Laura Dessauer, Ed.D., ATR-BC
Soldiers returning from combat and first responders exposed to hostile and traumatic experiences may find their lives turned upside down with little skills to manage the intrusive traumatic thoughts and nightmares. Many of these men and women will struggle with traditional therapeutic methods, leaving them at greater risk for divorce, substance abuse, homelessness, and suicide. Often these individuals feel a sense of disconnect. Unfortunately, there are stigmas for seeking therapy and medications may be perceived as an impediment to service. Telling someone who has served in combat or crisis management to take a deep breath may not be an effective strategy to manage PTSD, instead they need other tools to help them navigate the complex traumas they have experience.
National PTSD Service Association Inc. is a nonprofit agency providing highly skilled canines, service, support, training, and mentoring programs to post-911 armed forces veterans and public safety personnel suffering with PTSD.
National PTSD Service Association’s service dogs are specialty trained as tactical empathy dogs, able to read the feelings and the mindset of their handlers so they can help them navigate the daily obstacles that comes with PTSD. When the dog handlers experience flashbacks or triggers they are able to utilize the trained responses of their service dog to ground in the present moment, with the dogs intuitively anticipating and responding to their needs. When triggered these stealth canine companions act to help bring their handlers attention to the present moment. The dog creates an opportunity for mindfulness, grounding their handlers through engagement of the senses. Mindfulness techniques that might not resonate with a solider or first responder in a therapeutic setting, are more easily accessible through the symbiotic relationship of service dog and handler. This unique bond has transformed the lives of many participants allowing for more freedom and autonomy from the devastating impacts of trauma.
What is a service animal?
Service animals are defined as dogs that are individually trained to do work or perform tasks for people with disabilities. Examples of such work include:
- guiding people who are blind
- alerting people who are deaf
- pulling a wheelchair
- alerting and protecting a person who is having a seizure
- reminding a person with mental illness to take prescribed medications
- calming a person with Post Traumatic Stress Disorder (PTSD) during an anxiety attack
Service animals, sometimes called performance companion animals, are working animals, not pets. The work or task a dog has been trained to provide must be directly related to the person’s disability. Dogs whose sole function is to provide comfort or emotional support do not qualify as service animals under the ADA. This definition does not affect or limit the broader definition of “assistance animal” under the Fair Housing Act or the broader definition of “service animal” under the Air Carrier Access Act.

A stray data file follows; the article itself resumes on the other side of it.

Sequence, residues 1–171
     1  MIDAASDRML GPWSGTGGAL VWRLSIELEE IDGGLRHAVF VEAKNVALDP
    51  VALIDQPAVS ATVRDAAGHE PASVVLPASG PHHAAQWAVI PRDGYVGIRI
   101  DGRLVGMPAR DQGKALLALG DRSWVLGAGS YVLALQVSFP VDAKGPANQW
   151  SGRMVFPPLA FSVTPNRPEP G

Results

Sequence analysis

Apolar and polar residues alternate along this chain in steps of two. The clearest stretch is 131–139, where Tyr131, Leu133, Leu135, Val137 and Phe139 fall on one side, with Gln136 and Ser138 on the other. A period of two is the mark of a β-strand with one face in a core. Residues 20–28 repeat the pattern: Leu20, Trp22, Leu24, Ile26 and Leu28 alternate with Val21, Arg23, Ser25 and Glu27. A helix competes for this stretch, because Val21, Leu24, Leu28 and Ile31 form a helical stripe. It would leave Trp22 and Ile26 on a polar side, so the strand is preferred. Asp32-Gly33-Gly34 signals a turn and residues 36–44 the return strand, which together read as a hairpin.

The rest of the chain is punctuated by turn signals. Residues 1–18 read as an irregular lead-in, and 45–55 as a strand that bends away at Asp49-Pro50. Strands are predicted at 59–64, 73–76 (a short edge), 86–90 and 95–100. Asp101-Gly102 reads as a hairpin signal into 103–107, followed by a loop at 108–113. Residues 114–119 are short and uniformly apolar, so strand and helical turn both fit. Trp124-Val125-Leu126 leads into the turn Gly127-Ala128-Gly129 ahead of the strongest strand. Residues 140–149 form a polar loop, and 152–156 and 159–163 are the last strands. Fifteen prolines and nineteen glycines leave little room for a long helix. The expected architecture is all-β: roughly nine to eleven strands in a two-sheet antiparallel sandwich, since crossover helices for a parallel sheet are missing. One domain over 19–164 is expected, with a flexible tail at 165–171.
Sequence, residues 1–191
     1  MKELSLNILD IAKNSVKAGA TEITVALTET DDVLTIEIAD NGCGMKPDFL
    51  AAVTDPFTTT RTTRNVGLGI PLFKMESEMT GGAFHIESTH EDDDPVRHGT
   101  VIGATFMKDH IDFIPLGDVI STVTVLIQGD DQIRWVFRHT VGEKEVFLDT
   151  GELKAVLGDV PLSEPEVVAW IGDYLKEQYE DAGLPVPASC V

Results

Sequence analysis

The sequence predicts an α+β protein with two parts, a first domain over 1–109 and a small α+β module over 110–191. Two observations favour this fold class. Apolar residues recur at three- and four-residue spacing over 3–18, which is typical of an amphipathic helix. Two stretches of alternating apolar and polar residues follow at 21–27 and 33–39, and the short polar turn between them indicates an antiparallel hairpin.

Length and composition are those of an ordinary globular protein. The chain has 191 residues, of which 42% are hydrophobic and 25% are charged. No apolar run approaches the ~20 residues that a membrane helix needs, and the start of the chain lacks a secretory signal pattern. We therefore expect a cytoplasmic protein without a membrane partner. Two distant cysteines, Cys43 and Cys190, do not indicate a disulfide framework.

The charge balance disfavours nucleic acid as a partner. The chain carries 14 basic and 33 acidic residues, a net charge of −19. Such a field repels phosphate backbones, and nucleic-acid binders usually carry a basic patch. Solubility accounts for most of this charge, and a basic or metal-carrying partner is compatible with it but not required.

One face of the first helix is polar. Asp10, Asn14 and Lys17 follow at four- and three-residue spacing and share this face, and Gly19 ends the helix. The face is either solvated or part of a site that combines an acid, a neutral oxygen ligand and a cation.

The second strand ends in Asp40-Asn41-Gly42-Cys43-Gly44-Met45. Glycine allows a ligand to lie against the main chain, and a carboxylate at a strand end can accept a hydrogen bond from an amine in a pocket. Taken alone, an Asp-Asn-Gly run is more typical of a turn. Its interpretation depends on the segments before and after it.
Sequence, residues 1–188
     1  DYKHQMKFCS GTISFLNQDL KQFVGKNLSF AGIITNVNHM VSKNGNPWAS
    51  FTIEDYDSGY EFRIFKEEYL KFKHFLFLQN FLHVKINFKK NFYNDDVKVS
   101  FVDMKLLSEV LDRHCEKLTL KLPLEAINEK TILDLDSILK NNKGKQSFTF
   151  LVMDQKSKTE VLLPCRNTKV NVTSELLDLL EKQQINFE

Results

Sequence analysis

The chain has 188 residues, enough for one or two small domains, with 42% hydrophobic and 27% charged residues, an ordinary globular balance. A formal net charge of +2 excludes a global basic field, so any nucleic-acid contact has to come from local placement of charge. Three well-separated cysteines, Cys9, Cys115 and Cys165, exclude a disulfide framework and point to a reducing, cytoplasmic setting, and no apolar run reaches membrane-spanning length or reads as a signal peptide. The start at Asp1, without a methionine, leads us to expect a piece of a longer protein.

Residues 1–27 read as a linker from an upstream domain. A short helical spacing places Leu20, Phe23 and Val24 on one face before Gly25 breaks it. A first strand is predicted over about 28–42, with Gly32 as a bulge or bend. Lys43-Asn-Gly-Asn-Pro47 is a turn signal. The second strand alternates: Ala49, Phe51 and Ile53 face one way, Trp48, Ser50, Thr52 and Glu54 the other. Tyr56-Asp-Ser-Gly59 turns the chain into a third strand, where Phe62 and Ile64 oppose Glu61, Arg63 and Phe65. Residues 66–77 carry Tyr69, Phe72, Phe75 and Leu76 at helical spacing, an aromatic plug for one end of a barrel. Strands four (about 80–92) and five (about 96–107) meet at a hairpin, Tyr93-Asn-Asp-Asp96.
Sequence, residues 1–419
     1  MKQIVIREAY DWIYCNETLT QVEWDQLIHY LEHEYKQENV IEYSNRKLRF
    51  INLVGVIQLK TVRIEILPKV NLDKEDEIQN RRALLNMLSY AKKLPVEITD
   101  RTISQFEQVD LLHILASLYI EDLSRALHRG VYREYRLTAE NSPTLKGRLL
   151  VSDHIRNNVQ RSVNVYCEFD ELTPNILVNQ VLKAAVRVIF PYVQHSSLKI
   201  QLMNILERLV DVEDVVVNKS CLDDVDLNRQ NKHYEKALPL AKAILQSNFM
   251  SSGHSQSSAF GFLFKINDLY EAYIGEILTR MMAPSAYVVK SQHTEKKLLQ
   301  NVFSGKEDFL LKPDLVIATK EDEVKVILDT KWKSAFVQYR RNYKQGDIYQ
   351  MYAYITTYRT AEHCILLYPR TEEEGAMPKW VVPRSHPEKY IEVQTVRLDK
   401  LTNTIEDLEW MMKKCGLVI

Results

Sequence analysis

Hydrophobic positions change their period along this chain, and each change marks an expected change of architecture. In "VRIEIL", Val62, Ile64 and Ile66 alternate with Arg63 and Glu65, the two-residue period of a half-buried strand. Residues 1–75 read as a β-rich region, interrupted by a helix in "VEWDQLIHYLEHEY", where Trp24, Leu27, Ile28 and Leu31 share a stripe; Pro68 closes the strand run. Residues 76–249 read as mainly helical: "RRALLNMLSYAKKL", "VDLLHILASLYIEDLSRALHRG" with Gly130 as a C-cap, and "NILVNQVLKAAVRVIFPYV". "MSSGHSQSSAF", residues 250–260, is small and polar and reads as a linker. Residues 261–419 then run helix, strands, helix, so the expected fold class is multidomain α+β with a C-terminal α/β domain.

Some state and local laws also define a service animal more broadly than the ADA does. Information about such laws can be obtained from the state attorney general’s office.
When it is not obvious what service an animal provides, only limited inquiries are allowed. Staff may ask two questions: (1) is the dog a service animal required because of a disability, and (2) what work or task has the dog been trained to perform.
Under the ADA, a service animal must be allowed into the place of public accommodation or into the public entity. However, dogs that are either not working or not performing a task but are there simply to keep the person with a disability calm are not protected by these regulations; these animals are providing emotional support, well-being, comfort, or companionship rather than working or performing a task for the handler. That is, these animals are not engaged in what the U.S. Department of Justice would refer to as “recognition and response.” Further, the ADA is not the only law in play. For example, the Fair Housing Act and its regulations do allow for emotional support animals. Also, the various states will have different approaches for dealing with service animals. We provide canine’s to handler recipient by clinical referral. The training cost of these canines is $60,000 born by NPTSD.org . Your support is critical.
Where to Get Help for PTSD
Are you are in crisis? You have options:
- Call 911
- Go to the nearest Emergency Room
- Call the Suicide Prevention Lifeline 1-800-273-8255
- Contact the Veterans Crisis Line: 1-800-273-8255, press 1 (text 838255) or Confidential Veterans
- Chat with a counselor
We provide canine’s to handler recipient by clinical referral. The training cost of these canines is $60,000 born by NPTSD.org . Your support is critical.
More information is available at PTSD Care for Everyone.